- Emmel, T.C. and J.F. Emmel. 1962. Ecological studies of Rhopalocera in a High Sierran Community-Donner Pass, California. I. Butterfly associations and distributional factors. Journal of the Lepidopterists' Society 16:23-44.
- Ferris, C.D. and F.M. Brown (eds). 1981. Butterflies of the Rocky Mountains. Univ. of Oklahoma Press. Norman. 442 pp.
- Glassberg, J. 2001. Butterflies through Binoculars: A Field Guide to the Butterflies of Western North America. Oxford University Press.
- Guppy, C.S. and J.H. Shepard. 2001. Butterflies of British Columbia: including western Alberta, southern Yukon, the Alaska Panhandle, Washington, northern Oregon, northern Idaho, northwestern Montana. UBC Press (Vancouver, BC) and Royal British Columbia Museum (Victoria, BC). 414 pp.
- Kohler, S. 1980. Checklist of Montana Butterflies (Rhopalocera). Journal of the Lepidopterists' Society 34(1): 1-19.
- Layberry, R.A., P.W. Hall, and J.D. LaFontaine. 1998. The Butterflies of Canada. University of Toronto Press. 280 pp. + color plates.
- Opler, P.A. and A.B. Wright. 1999. A field guide to western butterflies. Second edition. Peterson Field Guides. Houghton Mifflin Company, Boston, Massachusetts. 540 pp.
- Pyle, R.M. 2002. The butterflies of Cascadia: a field guide to all the species of Washington, Oregon, and surrounding territories. Seattle Audubon Society, Seattle, Washington. 420 pp.
- Scott, J.A. 1975b. Mate-locating behavior of western North American butterflies. Journal of Research on the Lepidoptera 14:1-40.
- Scott, J.A. 1986. The butterflies of North America: a natural history and field guide. Stanford University Press, Stanford, California.
- Scott, J.A. 2006. Butterfly hostplant records, 1992-2005, with a treatise on the evolution of Erynnis, and a note on new terminology for mate-locating behavior. Papilio new series #14. 74 p.
- Scott, J.A. 2014. Lepidoptera of North America 13. Flower visitation by Colorado butterflies (40,615 records) with a review of the literature on pollination of Colorado plants and butterfly attraction (Lepidoptera: Hersperioidea and Papilionoidea). Contributions of the C.P. Gillette Museum of Arthopod Diversity. Fort Collins, CO: Colorado State University. 190 p.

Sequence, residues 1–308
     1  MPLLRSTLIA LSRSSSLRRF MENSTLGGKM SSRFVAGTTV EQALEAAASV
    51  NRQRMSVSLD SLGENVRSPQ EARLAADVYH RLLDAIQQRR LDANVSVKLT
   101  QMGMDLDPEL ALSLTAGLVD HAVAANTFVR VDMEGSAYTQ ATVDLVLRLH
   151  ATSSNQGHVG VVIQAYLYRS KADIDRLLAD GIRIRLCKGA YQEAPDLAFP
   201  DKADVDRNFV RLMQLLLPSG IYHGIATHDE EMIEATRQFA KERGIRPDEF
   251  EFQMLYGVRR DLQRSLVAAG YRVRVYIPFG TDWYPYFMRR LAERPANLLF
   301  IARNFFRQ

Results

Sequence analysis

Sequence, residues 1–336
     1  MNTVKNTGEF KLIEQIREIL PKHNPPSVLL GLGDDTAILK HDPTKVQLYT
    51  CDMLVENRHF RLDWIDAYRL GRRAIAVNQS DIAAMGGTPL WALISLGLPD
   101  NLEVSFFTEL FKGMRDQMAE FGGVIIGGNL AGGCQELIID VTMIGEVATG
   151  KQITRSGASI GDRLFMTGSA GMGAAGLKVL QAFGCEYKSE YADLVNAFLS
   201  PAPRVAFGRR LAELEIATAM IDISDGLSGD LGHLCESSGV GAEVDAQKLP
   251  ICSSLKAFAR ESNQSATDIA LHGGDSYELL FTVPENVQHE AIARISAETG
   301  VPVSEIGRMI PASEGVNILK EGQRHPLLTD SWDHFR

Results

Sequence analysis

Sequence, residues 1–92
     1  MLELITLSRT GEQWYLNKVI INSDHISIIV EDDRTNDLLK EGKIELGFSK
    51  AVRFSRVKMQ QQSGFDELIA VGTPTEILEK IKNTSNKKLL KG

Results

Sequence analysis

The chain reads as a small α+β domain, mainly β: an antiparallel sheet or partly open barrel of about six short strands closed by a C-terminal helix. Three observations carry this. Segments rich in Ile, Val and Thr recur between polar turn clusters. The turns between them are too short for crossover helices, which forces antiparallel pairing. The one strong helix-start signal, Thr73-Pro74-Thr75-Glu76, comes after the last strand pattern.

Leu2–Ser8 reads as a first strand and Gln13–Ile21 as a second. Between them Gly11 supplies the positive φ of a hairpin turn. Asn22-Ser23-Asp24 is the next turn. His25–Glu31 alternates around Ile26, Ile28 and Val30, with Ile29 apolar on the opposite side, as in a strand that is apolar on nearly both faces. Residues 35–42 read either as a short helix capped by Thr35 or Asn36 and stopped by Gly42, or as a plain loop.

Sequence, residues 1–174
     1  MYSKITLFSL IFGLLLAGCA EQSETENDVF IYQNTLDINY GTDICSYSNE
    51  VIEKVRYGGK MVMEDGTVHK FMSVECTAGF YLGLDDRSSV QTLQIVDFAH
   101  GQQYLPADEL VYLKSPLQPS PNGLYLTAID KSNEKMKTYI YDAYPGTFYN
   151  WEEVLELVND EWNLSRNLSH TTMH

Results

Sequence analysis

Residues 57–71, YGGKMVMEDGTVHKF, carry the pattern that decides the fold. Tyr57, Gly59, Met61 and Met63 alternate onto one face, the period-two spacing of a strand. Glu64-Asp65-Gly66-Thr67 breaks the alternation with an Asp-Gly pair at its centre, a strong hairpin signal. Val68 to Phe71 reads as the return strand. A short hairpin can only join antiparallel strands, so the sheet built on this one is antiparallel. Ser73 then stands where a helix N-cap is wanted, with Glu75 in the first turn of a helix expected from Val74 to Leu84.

- Shapiro, A.M. 1977. The alpine butterflies of Castle Peak, Nevada County, California. Great Basin Naturalist 37(4): 443-452.
- Stanford, R.E. and P.A. Opler. 1993. Atlas of western USA butterflies: including adjacent parts of Canada and Mexico. Unpubl. Report. Denver and Fort Collins, Colorado 275 pp.
- Threatful, D.L. 1988. A list of the butterflies and skippers of Mount Revelstoke and Glacier National Parks, British Columbia, Canada (Lepidoptera). Journal of Research on the Lepidoptera 27(3-4): 213-221.
- Warren, A.D. 2005. Lepidoptera of North America 6: Butterflies of Oregon, their taxonomy, distribution, and biology. Contributions of the C. P. Gillette Museum of Arthropod Diversity, Colorado State University. Fort Collins, Colorado. 406 pp.
- Additional ReferencesLegend: View Online Publication
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- Allen, T.J., J.P. Brock, and J. Glassberg. 2005. Caterpillars in the field and garden: a field guide to the butterfly caterpillars of North America. Oxford University Press.
- Brock, J.P. and K. Kaufman. 2003. Kaufman Field Guide to Butterflies of North America. Houghton Mifflin Company, New York, NY 284 pp.